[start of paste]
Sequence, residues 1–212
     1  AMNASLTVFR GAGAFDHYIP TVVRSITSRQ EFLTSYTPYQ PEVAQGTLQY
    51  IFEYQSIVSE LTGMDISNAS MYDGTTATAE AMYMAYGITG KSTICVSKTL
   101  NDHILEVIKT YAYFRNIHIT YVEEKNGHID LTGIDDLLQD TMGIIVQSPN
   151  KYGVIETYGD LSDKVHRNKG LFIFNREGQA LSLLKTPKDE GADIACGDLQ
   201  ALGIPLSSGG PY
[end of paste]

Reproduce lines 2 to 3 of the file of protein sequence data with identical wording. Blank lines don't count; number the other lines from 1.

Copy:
     1  AMNASLTVFR GAGAFDHYIP TVVRSITSRQ EFLTSYTPYQ PEVAQGTLQY
    51  IFEYQSIVSE LTGMDISNAS MYDGTTATAE AMYMAYGITG KSTICVSKTL